This is an old post by Internet standards, but sometimes digging up an old post is like digging up buried treasure.

Should I answer this one? I think I will. Please bear with me while I summarize my motivation for learning Korean:

You often hear stories of Korean adoption into "white" homes but you never hear the reverse situation. My story is kind of like that other side of the coin.

Born 1959, a Caucasian American US citizen, I was virtually orphaned and on my own at a young age. Our small extended family was never a close one, not like the close-knit Korean family unit where the adage 'blood is thicker than water" comes to its fullest expression.

After three and a half years in a home for boys, I ran away at age 16 and started working. I managed to finish high school and even attended a community college for a while. Life was hard, I was alone. At age 18 I hitchhiked around the US and then joined the army. For some strange reason I felt compelled to go to Korea but they sent me to Germany instead.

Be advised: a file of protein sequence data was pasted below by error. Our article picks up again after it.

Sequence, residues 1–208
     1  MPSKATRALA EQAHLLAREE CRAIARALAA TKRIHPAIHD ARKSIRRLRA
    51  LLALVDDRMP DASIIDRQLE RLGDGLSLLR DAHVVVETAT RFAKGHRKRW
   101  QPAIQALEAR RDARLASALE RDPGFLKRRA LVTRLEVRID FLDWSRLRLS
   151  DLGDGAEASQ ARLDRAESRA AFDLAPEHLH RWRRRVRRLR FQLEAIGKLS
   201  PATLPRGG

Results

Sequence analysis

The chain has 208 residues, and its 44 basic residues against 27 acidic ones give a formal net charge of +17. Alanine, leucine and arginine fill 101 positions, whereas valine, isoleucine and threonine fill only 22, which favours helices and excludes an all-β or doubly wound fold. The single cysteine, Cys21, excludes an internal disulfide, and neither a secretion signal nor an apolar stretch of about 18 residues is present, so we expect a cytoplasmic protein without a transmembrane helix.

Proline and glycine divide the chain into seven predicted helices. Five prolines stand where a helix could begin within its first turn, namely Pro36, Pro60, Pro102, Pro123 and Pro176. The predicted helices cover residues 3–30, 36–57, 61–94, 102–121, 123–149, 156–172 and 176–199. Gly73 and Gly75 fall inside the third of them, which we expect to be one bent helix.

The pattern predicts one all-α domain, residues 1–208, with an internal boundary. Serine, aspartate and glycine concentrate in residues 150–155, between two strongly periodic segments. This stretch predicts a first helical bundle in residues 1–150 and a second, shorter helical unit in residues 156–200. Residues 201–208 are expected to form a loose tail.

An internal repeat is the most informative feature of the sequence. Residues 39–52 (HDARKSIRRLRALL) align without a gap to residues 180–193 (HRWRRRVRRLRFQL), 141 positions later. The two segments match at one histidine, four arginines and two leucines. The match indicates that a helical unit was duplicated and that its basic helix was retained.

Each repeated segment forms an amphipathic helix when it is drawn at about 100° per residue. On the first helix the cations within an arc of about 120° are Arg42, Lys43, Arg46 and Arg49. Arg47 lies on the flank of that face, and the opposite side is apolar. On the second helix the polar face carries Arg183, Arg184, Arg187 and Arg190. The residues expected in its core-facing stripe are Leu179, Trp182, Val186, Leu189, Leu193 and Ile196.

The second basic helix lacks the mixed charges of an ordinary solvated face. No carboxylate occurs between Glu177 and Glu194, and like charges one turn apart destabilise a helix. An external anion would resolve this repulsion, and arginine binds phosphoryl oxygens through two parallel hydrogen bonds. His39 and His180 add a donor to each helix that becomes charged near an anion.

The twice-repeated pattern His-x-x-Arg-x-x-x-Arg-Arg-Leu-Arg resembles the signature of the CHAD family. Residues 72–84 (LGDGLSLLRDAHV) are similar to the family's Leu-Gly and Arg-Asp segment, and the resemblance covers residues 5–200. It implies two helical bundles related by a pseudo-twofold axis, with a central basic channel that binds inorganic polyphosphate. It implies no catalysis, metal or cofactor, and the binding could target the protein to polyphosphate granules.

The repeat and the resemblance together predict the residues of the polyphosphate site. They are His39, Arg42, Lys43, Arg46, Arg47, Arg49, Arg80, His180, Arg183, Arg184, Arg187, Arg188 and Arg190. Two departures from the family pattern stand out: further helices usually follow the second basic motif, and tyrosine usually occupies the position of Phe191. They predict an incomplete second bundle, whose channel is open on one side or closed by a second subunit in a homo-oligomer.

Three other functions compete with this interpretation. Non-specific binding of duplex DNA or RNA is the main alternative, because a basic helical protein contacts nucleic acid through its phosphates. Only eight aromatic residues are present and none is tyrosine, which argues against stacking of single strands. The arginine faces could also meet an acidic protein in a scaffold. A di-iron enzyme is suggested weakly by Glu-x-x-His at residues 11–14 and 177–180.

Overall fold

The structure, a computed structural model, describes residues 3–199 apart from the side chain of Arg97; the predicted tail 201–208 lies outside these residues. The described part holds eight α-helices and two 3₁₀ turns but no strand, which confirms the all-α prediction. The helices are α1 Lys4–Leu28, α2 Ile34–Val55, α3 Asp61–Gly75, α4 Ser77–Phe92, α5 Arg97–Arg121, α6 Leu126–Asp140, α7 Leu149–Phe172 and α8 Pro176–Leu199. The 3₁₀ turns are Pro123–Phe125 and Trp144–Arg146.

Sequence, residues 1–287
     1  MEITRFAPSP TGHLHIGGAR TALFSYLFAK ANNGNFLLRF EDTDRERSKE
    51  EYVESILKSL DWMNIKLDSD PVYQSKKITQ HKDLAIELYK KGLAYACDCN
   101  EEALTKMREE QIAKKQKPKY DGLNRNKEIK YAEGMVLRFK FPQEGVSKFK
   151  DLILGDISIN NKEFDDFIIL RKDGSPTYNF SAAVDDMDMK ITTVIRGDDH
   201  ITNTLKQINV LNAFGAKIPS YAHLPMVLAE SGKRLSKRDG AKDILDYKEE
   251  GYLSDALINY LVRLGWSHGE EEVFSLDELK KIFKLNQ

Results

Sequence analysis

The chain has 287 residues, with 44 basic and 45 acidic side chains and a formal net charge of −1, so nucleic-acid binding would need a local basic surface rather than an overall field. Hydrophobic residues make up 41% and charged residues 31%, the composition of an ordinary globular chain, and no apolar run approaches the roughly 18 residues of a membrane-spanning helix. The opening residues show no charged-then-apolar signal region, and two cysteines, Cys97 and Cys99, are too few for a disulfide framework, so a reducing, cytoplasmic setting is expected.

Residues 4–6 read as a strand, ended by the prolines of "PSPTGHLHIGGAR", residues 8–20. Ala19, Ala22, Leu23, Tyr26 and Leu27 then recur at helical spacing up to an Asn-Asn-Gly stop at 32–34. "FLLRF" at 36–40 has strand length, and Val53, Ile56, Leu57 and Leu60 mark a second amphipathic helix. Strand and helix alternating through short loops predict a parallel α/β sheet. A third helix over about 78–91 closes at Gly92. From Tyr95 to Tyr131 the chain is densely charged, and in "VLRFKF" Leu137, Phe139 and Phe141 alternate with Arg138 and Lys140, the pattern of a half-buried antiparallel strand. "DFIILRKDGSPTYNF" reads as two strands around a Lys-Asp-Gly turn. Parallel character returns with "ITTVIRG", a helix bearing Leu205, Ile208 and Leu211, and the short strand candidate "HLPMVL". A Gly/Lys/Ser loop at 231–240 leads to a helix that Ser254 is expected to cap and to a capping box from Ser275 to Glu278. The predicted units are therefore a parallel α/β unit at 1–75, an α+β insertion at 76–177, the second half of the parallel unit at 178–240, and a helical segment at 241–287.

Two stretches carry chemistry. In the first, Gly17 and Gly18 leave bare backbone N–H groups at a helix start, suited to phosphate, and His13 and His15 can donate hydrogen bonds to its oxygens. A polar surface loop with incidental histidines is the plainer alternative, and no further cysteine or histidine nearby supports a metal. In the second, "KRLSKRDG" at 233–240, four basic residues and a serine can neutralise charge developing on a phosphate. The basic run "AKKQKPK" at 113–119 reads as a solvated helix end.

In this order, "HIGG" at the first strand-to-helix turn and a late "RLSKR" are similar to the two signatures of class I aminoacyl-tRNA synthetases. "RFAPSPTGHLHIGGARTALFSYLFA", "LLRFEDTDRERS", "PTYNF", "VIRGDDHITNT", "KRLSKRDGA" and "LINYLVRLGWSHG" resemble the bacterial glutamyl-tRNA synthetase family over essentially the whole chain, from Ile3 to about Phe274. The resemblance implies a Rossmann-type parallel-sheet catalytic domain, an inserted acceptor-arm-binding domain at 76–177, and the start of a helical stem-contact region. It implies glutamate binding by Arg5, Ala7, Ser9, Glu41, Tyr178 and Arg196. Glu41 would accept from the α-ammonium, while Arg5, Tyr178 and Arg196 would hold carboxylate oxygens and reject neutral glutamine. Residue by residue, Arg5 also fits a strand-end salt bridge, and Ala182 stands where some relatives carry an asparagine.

At age 21 I dated a 20 year old Korean girl for about a year, but she kept refusing to introduce me to her family, saying "They hate all Americans." I was sure I could convince them that I was different that whatever stereotype they had in mind, but when we finally met they went so far as to threaten my life. They sent "Sue" back to Korea within a week, and she came back 4 months later married and pregnant.

For a while I had ill feelings, but by age 22 I met another Korean named "Ronny" and we became drinking buddies. One night we returned to his house at 2:30 AM and found his mother sleeping in his bed. Needless to say, when she awoke we both got a serious scolding --in Korean- which I didn't understand a word of, yet I understood the love behind it and I envied my friend. After his mother finally went to sleep in her own room, I thought surly this was the last time I would be allowed in the house. But Ronny assured me that everything was all right.